Utilising environmental-DNA sampling to detect threatened small-bodied fish
Have you you heard about eDNA (or ‘environmental’ DNA)? Well, Aquasave-NGT’s Nick and Sylvia have been awarded a grant through the Nature Foundation to utilise this sampling technique in combination with traditional net sampling to try and detect small bodied fish (up to 15cm length) in the lower reaches of the Murray Darling Basin. In a simple explanation, DNA is extracted from a number of water samples to determine the fish species present!
Their study through this grant will focus on the Watchalunga Nature Reserve – a Nature Foundation property within the Fleurieu Peninsula, which was historically a known site for endangered freshwater small bodied fish such as the Yarra Pygmy Perch (Nannoperca obscura) and the Murray Hardyhead (Craterocephalus fluviatilis) – the latter of which is now facing extinction within the Murray Darling Basin.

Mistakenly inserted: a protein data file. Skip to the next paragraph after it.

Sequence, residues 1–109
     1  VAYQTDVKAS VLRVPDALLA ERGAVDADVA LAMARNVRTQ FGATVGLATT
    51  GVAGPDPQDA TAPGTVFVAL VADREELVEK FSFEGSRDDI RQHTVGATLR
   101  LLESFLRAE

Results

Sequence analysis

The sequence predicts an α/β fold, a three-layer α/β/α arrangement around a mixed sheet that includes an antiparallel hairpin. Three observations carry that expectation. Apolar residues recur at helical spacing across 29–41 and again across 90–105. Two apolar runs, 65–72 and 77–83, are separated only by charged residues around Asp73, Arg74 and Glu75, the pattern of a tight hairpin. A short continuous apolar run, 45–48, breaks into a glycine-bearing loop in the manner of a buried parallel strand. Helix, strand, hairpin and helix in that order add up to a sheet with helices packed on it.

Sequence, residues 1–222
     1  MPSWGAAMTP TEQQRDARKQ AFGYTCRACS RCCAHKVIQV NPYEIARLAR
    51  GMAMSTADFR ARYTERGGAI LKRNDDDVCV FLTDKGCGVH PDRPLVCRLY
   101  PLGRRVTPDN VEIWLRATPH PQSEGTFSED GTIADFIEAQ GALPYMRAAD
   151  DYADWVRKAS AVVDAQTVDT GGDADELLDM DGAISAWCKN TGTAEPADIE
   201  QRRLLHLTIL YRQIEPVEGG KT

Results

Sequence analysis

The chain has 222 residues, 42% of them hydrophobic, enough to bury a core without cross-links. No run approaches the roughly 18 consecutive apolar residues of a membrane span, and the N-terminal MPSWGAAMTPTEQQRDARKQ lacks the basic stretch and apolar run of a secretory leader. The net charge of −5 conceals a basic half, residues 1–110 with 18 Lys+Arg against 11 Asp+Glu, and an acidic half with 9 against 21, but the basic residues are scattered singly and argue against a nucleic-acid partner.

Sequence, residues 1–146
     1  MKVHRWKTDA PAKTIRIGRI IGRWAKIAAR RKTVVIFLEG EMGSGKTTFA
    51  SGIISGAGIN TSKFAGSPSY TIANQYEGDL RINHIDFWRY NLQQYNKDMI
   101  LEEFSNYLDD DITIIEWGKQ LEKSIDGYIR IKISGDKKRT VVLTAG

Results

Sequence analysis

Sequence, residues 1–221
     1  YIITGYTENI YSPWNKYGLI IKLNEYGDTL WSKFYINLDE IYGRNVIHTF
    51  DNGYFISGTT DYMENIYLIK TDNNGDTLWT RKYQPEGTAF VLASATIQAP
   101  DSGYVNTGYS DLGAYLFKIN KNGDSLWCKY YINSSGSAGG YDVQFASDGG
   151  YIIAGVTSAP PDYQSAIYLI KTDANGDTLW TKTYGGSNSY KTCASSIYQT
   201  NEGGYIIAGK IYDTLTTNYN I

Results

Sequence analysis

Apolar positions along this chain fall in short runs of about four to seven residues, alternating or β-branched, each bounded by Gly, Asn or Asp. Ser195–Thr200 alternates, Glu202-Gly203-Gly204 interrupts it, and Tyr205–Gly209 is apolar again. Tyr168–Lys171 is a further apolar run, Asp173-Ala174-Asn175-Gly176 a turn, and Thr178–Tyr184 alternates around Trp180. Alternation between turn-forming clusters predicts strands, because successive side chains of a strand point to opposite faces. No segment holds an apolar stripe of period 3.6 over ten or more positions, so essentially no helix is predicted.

Nick and Sylvia are hoping that utilising eDNA sampling will increase their ability to detect these small bodied fish species, help to provide accurate knowledge of species status and distribution, and also help inform future conservation strategies.
Nick and Sylvia provided a great overview of the project in a recent Nature Conservation webinar. Take a look!